Posted April 15, 2018 05:13:38The Commonwealth has not yet announced whether or not it will hold a referendum on whether or what changes it wants to make to its proposed marriage equality laws.
A joint statement from the Australian Government and the Commonwealth says that the Government is “not currently preparing a specific timetable for when the Australian people will be informed of the Government’s position on marriage equality”.
The statement said the Government has made clear its intention to consult on these matters before a referendum, and that it will continue to provide the information it has already received.
What will happen?
The Commonwealth says it expects the referendum to be held by the end of 2019, after the Senate passes its own bill on the legislation.
The statement says the Government will be working with stakeholders to ensure the referendum is as timely and transparent as possible.
How long will it take?
The Joint Statement says the consultation period for the proposed marriage laws will “last no longer than 18 months”.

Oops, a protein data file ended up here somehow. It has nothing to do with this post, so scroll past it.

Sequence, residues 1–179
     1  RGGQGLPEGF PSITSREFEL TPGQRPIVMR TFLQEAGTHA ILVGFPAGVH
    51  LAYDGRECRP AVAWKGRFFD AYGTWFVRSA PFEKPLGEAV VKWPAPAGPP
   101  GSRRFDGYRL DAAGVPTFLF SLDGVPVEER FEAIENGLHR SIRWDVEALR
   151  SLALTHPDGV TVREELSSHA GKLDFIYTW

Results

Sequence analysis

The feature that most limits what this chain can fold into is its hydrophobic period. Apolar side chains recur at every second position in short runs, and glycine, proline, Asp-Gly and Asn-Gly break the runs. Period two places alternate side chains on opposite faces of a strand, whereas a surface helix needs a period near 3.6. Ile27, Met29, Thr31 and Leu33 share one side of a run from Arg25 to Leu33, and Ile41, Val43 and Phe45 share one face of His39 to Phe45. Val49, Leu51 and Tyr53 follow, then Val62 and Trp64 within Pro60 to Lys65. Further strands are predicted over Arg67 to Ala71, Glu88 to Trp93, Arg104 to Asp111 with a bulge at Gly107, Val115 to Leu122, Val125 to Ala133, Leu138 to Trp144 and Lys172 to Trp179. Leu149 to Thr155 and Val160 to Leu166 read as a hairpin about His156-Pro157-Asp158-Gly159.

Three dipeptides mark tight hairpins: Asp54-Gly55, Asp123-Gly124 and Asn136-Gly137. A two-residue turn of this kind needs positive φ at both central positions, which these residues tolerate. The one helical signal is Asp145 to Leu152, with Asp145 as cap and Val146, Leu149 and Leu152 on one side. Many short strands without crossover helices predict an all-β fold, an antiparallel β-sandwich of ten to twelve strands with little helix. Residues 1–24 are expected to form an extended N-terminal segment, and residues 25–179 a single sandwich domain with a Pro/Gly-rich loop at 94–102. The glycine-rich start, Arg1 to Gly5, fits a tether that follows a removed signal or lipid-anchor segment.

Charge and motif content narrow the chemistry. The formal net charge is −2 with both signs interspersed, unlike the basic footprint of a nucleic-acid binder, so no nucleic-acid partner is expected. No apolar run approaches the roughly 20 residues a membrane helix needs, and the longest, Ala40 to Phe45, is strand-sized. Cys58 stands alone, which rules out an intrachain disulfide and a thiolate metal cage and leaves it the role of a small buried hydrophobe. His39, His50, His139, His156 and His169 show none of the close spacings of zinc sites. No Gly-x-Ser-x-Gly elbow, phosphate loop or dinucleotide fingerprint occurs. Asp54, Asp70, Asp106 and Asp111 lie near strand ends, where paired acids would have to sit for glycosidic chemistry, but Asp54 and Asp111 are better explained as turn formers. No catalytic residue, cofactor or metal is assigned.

The Government is also expected to “make a submission to the Australian Capital Territory Government” before the end in 2019, in which it says it will outline its plans for a “decent marriage”.
This will be done via an interim report, the statement says.
What are the major issues in the Marriage Act?
While the bill has been amended several times, the main change introduced is the definition of marriage.
Previously, the definition defined marriage as the union of one man and one woman.
Under the proposed amendments, the legislation will now say that marriage will be defined as “a legal relationship between one man, one woman, and a person of the same sex”.
The proposed changes also make changes to existing laws and make a number of other changes.
Topics:marriage,community-and-society,government-and/or-politics,marriage,marriage-and.relationships,government—state-issues,government,family-and -children,tas,australiaFirst posted April 14, 2018 07:49:34More stories from Tasmania